"3:10 to Yuma", is a great movie and does honor to the fifty years of viewing enjoyment that was begun with the initial release of the original "3:10 to Yuma" in 1957. Comparing the remake to the original is impossible because of the influence of theatrical drama that was the practice of Hollywood in '57. Glen Ford and Van Heflin and the cast put in a timeless performance in the original. To say I enjoyed the remake more, doesn't detract from the original, it just reflects my preference for the acting and production styles of 2007.
Russell Crowe put in a believable and multidimensional performance as a complicated but ultimately likable bad guy. I was kind of surprised Christian Bale didn't cut off his foot for this role, but you could definitely feel Dan Evan's desperation and ultimate self-actualization. Peter Fonda was...what can you say? He was Peter Fonda at his best as tougher than horseshoes Pinkerton operative, Byron McElroy. But, the biggest surprise was Ben Foster as wickedly twisted and ultimately scary Charlie Prince. The dude was just unhinged and capable of anything. Foster made this character very believable with his acting in the close-ups.
Most of the gear I made for the movie was unrecognizable because cold weather required coats, covering up much of the gun leather. Obviously, Crowe's and Foster's rigs got quite a bit of attention, but all of my gear was authentic to the "Old West" and deserving of appreciation for it historical representation.
Russell Crowe wears "The Hand of God" close at his side in this custom rig made for Crowe by Will Ghormley.
The 4 3/4" Colt, referred to as, "The Hand of God", was made for Crowe by U.S. Fire Arms, and plays an important role in the plot. Handed from character to character during the course of the story, this rig finds itself strapped to some of the most recognizable movie icons of our day. A broke-down old cowboy can't ask any better for his gear than that. Click to view U.S. Fire Arms web page: http://www.usfirearms.com/
Ben Foster, as cold-blooded killer, Charlie Prince,wears a pair of Schofield in a rig made for him by Will.
At one point, Ben Wade might have worn two guns, but in the end, only Will got to wear 'em.
My special thanks to my good friend and award winning saddle maker, Jon Watsabaugh. I couldn't have gotten everything done in time without his tireless efforts and great skill. He really pulled my bacon out of the fire this time!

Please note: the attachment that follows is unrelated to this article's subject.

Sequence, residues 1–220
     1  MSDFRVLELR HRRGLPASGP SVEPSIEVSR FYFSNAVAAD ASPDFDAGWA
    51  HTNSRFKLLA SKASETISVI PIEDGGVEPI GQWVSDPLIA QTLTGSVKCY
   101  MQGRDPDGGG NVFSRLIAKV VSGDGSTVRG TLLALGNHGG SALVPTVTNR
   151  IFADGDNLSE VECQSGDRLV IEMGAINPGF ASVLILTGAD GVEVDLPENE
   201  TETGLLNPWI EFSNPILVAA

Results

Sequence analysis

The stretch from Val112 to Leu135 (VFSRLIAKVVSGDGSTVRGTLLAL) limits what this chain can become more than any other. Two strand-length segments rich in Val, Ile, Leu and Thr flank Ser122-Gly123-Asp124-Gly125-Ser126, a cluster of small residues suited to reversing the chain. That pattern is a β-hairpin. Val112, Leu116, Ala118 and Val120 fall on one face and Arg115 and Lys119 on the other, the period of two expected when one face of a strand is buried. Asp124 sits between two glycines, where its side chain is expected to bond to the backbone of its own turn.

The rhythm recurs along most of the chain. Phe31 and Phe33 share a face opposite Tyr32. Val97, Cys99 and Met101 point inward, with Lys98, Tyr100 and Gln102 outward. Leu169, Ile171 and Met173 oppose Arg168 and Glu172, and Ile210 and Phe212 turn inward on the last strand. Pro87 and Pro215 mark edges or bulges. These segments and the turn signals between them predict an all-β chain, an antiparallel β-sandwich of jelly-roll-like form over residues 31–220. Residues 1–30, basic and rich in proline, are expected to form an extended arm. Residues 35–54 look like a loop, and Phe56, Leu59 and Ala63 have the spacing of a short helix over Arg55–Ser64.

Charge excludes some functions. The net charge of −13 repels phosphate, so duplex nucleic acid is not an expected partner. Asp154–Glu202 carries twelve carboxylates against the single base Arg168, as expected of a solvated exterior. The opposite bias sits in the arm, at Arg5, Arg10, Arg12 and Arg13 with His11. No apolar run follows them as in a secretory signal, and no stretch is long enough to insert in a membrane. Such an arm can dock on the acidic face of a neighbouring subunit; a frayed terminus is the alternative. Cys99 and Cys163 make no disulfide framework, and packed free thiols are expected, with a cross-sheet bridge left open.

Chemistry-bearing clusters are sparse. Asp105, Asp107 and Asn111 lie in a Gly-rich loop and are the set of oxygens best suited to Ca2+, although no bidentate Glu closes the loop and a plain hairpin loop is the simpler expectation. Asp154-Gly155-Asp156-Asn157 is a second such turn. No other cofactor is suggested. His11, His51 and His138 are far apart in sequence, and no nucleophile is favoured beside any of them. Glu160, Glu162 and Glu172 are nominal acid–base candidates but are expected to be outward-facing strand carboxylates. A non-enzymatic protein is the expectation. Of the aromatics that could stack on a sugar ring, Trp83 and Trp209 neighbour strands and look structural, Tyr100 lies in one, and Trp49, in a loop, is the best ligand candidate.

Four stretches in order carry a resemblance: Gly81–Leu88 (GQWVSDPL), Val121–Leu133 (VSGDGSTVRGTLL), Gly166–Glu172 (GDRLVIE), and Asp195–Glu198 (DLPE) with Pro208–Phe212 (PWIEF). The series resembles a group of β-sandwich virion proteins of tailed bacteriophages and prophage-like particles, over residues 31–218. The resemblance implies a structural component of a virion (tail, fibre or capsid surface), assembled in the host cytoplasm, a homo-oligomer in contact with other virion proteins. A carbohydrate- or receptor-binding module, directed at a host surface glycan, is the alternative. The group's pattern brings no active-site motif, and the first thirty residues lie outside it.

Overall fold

One of Ben Wade's gang, "Campos", wore a large Bowie knife. I made the pattern for the knife sheath and Jon Watsabaugh built the sheath. After filming, the two knife sheaths came back to me, along with most of the leather I had rented to the movie. So the sheaths wouldn't go to waste, I built two Buffalo bone, coffin handled Bowies for the sheaths.
Peter Fonda, as Byron McElroy, carries the Hand of God over his saddle horn on the way to Contention.
One advantage to working leather is; you can make your own carved leather poster frame!
This holster was designed specifically for Russell Crowe. It had to look like it was from the 1800s but handle like a modern Fast-Draw holster. The black coloration was specially applied to look used as soon as it was made. The rig was colored using a special process so the color wouldn't come off on the actor's wardrobe. The holster was engineered with hidden features to facilitate rapid removal and re-holstering of the revolver.
The border tooling around the hand-carved floral design on the holster, was repeated along the length of the cartridge belt. The rig was hand sewn with 7-strand linen thread, coated with bees wax.
"Hand of God"
pistol sported gold crucifixes in each side of the grips. Two versions of the crucifixes can be identified in the movie.
New Sterling Silver, Old West Collection Buckle, shown on 2 1/2" belt with 1 1/2" billet.